#Peaceday: a day of global ceasefire and non-violence.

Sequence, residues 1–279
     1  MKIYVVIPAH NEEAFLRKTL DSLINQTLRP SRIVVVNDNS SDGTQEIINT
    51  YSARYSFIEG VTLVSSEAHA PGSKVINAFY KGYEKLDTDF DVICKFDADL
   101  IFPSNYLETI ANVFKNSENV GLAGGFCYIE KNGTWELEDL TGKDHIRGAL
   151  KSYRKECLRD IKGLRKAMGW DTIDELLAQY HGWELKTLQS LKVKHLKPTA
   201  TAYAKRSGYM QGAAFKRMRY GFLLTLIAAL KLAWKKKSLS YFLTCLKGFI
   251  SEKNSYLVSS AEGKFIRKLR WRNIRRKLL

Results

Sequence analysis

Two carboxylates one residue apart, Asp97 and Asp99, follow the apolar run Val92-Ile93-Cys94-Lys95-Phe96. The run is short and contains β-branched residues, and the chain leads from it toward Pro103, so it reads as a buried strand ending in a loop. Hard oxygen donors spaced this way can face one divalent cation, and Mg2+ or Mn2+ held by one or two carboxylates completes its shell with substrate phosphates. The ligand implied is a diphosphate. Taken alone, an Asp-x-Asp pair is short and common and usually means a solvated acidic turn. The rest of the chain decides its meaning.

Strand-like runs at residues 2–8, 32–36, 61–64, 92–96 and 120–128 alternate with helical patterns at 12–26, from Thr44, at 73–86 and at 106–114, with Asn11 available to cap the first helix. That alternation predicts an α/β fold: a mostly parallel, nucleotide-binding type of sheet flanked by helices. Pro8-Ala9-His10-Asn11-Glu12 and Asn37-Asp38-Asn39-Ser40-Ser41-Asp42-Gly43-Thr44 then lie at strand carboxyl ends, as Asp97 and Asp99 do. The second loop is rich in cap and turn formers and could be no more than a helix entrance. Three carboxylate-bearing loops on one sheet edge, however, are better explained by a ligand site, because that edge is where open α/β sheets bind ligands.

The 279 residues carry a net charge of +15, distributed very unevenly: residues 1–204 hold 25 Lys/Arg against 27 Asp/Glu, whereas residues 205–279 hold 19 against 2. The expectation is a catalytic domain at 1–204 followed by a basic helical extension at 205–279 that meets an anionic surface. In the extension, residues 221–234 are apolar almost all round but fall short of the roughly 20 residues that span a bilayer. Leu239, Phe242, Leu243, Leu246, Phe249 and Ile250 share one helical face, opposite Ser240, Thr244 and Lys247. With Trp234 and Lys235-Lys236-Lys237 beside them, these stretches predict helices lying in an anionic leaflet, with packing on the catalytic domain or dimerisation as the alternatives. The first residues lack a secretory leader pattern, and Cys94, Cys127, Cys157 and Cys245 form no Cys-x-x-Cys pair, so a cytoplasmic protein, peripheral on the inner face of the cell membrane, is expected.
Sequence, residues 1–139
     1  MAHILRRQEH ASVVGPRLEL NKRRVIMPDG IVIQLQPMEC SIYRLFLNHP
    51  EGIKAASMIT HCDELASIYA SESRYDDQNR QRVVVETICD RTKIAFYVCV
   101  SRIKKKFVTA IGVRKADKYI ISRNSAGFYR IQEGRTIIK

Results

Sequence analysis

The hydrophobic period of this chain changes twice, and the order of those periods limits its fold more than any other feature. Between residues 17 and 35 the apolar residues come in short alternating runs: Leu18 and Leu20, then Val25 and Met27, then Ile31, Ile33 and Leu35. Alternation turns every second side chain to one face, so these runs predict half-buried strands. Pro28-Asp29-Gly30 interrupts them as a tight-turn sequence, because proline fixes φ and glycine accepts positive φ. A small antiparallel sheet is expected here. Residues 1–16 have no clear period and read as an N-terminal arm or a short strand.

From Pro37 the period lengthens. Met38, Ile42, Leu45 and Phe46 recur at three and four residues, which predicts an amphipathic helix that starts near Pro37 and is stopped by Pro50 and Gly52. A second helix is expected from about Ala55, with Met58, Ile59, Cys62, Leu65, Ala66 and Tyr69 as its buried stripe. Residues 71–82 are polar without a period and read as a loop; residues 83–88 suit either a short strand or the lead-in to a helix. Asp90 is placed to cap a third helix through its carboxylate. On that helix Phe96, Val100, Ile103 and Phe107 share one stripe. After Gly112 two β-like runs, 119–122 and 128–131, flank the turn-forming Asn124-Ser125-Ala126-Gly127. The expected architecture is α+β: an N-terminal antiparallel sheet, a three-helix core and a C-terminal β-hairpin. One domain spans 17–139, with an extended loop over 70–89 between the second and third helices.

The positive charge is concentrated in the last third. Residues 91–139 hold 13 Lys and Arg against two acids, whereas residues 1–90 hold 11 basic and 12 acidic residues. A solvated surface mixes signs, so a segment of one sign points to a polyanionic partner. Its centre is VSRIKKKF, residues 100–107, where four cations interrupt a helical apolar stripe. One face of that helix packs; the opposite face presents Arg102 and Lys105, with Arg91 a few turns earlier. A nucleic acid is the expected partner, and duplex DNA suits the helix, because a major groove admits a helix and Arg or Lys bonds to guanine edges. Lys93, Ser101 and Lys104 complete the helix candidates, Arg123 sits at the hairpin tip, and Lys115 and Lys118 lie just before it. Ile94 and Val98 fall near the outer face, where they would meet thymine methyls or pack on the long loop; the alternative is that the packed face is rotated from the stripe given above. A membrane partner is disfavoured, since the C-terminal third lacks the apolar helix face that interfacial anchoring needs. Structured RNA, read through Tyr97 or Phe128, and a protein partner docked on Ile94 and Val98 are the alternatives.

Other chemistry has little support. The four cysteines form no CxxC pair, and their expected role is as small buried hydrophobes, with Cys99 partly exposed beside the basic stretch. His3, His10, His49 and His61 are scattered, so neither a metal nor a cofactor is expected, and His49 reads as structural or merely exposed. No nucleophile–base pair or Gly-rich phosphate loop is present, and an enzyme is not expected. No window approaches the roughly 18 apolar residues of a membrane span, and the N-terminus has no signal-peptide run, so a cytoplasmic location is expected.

Aylan Kurdi, a three-year-old boy from war-torn Syria, drowned and was found off the shore of Turkey as his family tried to flee Kobani for safe haven in Europe. Just a few weeks ago, an overcrowded wooden boat sank near Turkey’s south west coast with 22 lives, including four children. Both of these tragic events shocked the world and highlight the plight of desperate people caught in one of the gravest refugee crises of the century. At the very least, this is a wake-up call to all that peace is needed now. The promotion of peace is vital for the full enjoyment of all human rights and for global solidarity.“It’s not too late at all. You just don’t yet know what you are capable of,” said the master peace builder Matama Gandhi. Taking his advice, it is never too late for peace or to be part of that shift. Jeremy Gilley, a British actor, also believed that it was not too late for peace and worked to do his part to build momentum the world over.Gilley recognized the power of collective change through film and directed an award-winning film Peace One Day in 1999. This film documents his efforts to establish the first ever annual day of global ceasefire and non-violence. As a result of Gilley’s work, in 2001 the United Nations unanimously established September 21st as an annual day of non-violence and cease-fire. This adoption complemented the General Assembly’s 1981 resolution that declared September 21st as the International Day of Peace.For the past 33 years, September 21st has been a day devoted to strengthening the ideals of peace, both within and among all nations and peoples. Thanks to Gilley’s work, the day also invites all nations and people “to honor a cessation of hostilities during the Day, and to otherwise commemorate the Day through education and public awareness on issues related to peace.”The world just marked the 34th anniversary of the International Day of Peace. The theme of this year was “Partnerships for Peace – Dignity for All,” which urges the need for every sector of society to be working together.There were celebrations for peace all around the world this year. In fact, Peace Day took social media by storm, as users recognized peace in their daily lives and shared it with the world via the hashtag campaigns #peaceday and #internationaldayofpeace. Others set the entire day aside to pray for peace. The Rwanda Broadcasting Agency (RBA) recorded a Peace One Day Youth Celebration from Petit Stade Amahoro, including performances from Knowless, Innoss'B, Urban Boys, Krest Crew, Jabba Juniors, African Children's Choir as well as the premiere performance of “One”, the Peace Day Anthem by Coke Studio Africa (this anthem is supporting Peace One Day to raise awareness of Peace Day, 21 September in the Great Lakes region of Africa and across the world). HE Iyad Ameen Madani, the Secretary-General of the Organisation of Islamic Cooperation (OIC) called for non-violence and ceasefire in full respect of Peace Day. Apple Music created a “Peace Day” playlist with music from leading artists, actors and musicians. Even Google, the world’s most powerful search engine, lended its voice to Peace Day by a Google Doodle!World leaders will soon gather at the United Nations and pledge their commitment to the Sustainable Development Goals (SDGs) as part of the UN's General Assembly. Goal 16 is to promote peace and justice, another great opportunity to continue “overwhelming the world with good.” As the UN Secretary-General Ban Ki-Moon said, “Together, as “partners for peace”, we can achieve a world of peace, prosperity and dignity for all.” September 21st marks one much needed day of awareness and unity, but let us remember that there are numerous opportunities for us to daily #prepareforpeace.